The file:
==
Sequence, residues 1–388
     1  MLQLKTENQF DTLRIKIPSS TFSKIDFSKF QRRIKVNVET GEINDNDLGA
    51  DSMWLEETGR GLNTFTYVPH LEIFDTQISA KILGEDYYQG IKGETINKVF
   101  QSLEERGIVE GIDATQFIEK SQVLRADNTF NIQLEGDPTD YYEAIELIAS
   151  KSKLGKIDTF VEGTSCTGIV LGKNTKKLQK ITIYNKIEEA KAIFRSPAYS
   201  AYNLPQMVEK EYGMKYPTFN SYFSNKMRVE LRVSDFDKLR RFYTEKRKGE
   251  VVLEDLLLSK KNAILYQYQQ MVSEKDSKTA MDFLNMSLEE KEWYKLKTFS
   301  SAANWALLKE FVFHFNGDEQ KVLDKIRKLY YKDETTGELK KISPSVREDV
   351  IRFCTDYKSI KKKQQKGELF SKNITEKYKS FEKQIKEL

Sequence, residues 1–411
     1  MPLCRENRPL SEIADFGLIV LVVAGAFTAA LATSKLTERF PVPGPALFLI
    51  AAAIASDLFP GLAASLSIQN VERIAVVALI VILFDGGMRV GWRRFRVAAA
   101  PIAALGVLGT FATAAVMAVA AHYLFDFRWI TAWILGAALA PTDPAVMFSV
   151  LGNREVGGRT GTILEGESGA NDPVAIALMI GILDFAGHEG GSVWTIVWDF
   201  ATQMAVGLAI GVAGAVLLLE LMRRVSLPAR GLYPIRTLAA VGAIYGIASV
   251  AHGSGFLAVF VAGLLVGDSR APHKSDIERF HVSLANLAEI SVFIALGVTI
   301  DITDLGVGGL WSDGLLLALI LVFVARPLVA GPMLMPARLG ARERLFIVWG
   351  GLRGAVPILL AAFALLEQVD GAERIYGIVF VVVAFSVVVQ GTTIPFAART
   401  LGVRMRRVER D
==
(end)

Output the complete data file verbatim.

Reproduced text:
Sequence, residues 1–388
     1  MLQLKTENQF DTLRIKIPSS TFSKIDFSKF QRRIKVNVET GEINDNDLGA
    51  DSMWLEETGR GLNTFTYVPH LEIFDTQISA KILGEDYYQG IKGETINKVF
   101  QSLEERGIVE GIDATQFIEK SQVLRADNTF NIQLEGDPTD YYEAIELIAS
   151  KSKLGKIDTF VEGTSCTGIV LGKNTKKLQK ITIYNKIEEA KAIFRSPAYS
   201  AYNLPQMVEK EYGMKYPTFN SYFSNKMRVE LRVSDFDKLR RFYTEKRKGE
   251  VVLEDLLLSK KNAILYQYQQ MVSEKDSKTA MDFLNMSLEE KEWYKLKTFS
   301  SAANWALLKE FVFHFNGDEQ KVLDKIRKLY YKDETTGELK KISPSVREDV
   351  IRFCTDYKSI KKKQQKGELF SKNITEKYKS FEKQIKEL

Sequence, residues 1–411
     1  MPLCRENRPL SEIADFGLIV LVVAGAFTAA LATSKLTERF PVPGPALFLI
    51  AAAIASDLFP GLAASLSIQN VERIAVVALI VILFDGGMRV GWRRFRVAAA
   101  PIAALGVLGT FATAAVMAVA AHYLFDFRWI TAWILGAALA PTDPAVMFSV
   151  LGNREVGGRT GTILEGESGA NDPVAIALMI GILDFAGHEG GSVWTIVWDF
   201  ATQMAVGLAI GVAGAVLLLE LMRRVSLPAR GLYPIRTLAA VGAIYGIASV
   251  AHGSGFLAVF VAGLLVGDSR APHKSDIERF HVSLANLAEI SVFIALGVTI
   301  DITDLGVGGL WSDGLLLALI LVFVARPLVA GPMLMPARLG ARERLFIVWG
   351  GLRGAVPILL AAFALLEQVD GAERIYGIVF VVVAFSVVVQ GTTIPFAART
   401  LGVRMRRVER D